May 2013 Profile: Elisabeth Rohm
AGE: Just turned 40 (yikes)!!!
RELATIONSHIP STATUS: Engaged
RESIDENCE: Venice, California
CHILD’S NAME/AGE: Easton August Anthony, age 5
I started professionally acting once I graduated college at the age of 23. I was first featured on the soap opera, One Life to Live, then quickly moved on to primetime with a reoccurring role on the WB show, Angel. To date, I’m probably best known for my role as ADA on Law & Order. Other credits include the show Heroes, as well as movies such as Transit and Abduction. I am currently filming the movie American Hustle with Dir. David O. Russell, and can also be seen on the Lifetime show, The Client List. Visit www.elisabeth-rohm.com.
Robin Gorman Newman, founder, MotherhoodLater.com, had the opportunity to chat on the phone with Elisabeth while she was on set shooting American Hustle. Elisabeth was super friendly and forthcoming about her fertility challenges and her desire to inform and empower other women who aspire to have children.
What was your road to parenthood like? In many ways, it was very quick. I always knew that I wanted to be a mother, so when I found out that I had fertility issues I immediately became proactive. Luckily for me, I got pregnant after two cycles of IVF. I was blessed that it worked out and that I had options besides the “old-fashioned” way.
What led you to write your new book BABY STEPS? I didn’t initially plan to be vocal about having fertility issues. However, once I started blogging about my infertility, I found a real need for more openness and a call to action to make the subject less taboo. I had such an outpouring of love and support from readers that it seemed like the right thing to do. The rapid decline in my fertility came so early for me. I was 34. In a way it was a blessing because if I hadn’t made the discovery early, I might have missed the boat completely. If you want to take your time and have a baby at 40, it’s your perogative, but it requires thinking ahead and having more information than what is commonly discussed amongst people openly. Women are sometimes ashamed when they have fertility challenges. If you have a baby when you’re in your 40s, you likely had assistance with it. So, what’s the big deal? My goal is to get women talking about it early….to create more conversation, openness and dialogue around it…so it’s not something that women suffer in silence over. More medical advances are being made, and women can share and give each other support to manifest for themselves in their own time what their ultimate life dreams are.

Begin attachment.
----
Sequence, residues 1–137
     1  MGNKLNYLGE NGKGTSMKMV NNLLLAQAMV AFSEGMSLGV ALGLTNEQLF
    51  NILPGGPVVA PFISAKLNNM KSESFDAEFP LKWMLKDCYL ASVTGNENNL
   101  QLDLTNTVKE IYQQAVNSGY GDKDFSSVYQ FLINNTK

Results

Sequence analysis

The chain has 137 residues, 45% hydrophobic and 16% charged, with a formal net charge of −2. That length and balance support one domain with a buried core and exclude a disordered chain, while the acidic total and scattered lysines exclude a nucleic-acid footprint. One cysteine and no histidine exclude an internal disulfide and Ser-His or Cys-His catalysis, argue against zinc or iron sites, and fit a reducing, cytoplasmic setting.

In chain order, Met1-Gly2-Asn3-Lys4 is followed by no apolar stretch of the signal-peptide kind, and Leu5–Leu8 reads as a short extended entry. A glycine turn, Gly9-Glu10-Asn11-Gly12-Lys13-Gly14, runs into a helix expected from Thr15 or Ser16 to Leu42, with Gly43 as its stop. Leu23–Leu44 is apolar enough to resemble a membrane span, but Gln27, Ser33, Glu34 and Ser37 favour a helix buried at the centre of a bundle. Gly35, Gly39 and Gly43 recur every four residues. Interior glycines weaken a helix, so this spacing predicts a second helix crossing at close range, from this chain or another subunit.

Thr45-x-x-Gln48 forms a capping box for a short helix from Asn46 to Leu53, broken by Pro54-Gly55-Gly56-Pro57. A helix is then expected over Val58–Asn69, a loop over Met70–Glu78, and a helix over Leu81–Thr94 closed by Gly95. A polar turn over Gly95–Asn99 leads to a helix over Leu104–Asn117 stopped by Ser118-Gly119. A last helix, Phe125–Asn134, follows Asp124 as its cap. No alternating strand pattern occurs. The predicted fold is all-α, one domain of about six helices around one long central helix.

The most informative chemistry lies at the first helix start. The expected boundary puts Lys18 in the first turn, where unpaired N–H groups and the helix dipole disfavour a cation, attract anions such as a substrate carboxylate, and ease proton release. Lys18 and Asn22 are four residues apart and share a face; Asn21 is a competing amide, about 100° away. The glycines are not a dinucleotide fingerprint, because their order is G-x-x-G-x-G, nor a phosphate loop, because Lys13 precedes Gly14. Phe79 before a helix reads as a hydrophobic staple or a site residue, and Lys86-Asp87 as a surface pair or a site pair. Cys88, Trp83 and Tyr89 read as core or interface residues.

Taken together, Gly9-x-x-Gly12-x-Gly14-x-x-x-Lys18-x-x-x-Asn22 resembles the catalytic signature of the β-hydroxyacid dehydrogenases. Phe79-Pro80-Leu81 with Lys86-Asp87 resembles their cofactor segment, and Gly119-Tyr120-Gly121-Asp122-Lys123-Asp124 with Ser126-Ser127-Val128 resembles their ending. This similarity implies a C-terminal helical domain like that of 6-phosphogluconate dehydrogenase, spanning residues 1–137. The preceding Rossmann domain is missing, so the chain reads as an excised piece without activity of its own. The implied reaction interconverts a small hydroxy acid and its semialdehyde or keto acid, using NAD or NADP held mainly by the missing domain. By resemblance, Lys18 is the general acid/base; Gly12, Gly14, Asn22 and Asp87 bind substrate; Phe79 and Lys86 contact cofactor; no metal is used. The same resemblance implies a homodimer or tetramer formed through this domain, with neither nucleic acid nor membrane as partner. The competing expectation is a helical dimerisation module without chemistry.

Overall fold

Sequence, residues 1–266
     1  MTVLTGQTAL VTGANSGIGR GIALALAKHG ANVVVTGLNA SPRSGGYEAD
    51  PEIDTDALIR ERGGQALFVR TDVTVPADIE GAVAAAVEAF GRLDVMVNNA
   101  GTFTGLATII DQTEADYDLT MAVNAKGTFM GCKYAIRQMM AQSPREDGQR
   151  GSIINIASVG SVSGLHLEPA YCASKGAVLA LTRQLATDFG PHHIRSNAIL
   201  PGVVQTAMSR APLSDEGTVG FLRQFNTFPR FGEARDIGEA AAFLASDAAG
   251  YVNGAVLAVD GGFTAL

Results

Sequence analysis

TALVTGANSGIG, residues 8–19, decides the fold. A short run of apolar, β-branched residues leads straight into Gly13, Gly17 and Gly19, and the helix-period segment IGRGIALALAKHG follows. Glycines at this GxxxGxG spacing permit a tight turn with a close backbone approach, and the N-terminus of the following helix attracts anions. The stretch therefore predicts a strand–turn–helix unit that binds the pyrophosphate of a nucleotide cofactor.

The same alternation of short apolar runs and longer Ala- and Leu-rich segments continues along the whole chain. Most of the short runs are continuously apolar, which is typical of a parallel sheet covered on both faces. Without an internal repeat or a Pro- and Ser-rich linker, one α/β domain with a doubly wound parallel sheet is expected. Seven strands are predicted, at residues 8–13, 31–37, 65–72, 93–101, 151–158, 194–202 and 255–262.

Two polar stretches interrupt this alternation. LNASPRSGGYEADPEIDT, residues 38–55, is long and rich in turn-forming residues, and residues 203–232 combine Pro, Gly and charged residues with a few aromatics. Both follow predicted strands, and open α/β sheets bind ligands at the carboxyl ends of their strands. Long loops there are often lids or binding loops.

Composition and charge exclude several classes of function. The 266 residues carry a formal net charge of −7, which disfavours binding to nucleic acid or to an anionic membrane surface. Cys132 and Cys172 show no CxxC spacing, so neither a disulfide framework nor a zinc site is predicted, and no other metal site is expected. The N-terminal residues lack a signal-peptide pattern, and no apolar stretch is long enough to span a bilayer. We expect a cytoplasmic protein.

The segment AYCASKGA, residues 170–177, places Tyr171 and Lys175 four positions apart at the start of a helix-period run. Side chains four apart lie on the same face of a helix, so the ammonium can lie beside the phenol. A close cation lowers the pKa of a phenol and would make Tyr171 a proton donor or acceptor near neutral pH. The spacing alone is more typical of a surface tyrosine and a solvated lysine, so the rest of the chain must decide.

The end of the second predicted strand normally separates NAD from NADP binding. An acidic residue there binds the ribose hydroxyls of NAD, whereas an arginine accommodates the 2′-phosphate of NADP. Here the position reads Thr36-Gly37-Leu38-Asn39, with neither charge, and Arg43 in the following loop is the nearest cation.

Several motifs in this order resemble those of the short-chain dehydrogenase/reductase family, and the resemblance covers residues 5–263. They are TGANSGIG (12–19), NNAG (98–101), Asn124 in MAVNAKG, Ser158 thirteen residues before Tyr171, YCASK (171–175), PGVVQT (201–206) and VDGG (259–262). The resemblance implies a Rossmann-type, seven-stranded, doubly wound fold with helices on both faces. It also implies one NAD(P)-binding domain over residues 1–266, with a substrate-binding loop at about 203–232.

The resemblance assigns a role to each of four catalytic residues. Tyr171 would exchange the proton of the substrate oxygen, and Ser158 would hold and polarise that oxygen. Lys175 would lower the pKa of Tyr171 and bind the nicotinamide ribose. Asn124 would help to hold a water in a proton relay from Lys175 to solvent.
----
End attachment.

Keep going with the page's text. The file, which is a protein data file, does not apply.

How did it feel when you found out you were pregnant? I was one of those kids who wanted to be a parent. I had baby lust at a young age. The one thing I knew for sure what that I wanted to be a mother one day. It was so shocking to learn at age 34 that I was never going to get pregnant naturally. Isn’t that what I’m supposed to be able to do?
What does your daughter think of your book? She just turned five, but she will read it one day, and I want her to be okay with it. I’m telling our family story. My family feels entirely comfortable with it, which encouraged me.
How do you balance spending time with her and your career? Balance is a tricky thing for everybody. Before Easton was even born, I made a commitment that she would be my first priority no matter what. On the other hand, one needs to have their independence. If I have a business meeting or feel the need to see a friend, I don’t feel guilty. And trust me, Easton lets me know when she wants to make her own decisions and see her friends, too!
What do you see as the positives and challenges of having a child at age 35 or over? I think the advantages of waiting until you’re older have everything to do with why there is so much infertility in the world today. You have a greater sense and knowledge of yourself. You’ve been able to focus and accomplish the goals that you’ve dreamt. You are more mature and most likely more stable. It makes for a great parent, but not so bueno for your eggs. Unfortunately, if you take the time to pursue your career, or to find “Mr. Right” instead of “Mr. Right Now”, a woman’s best years in terms of fertility quickly diminish.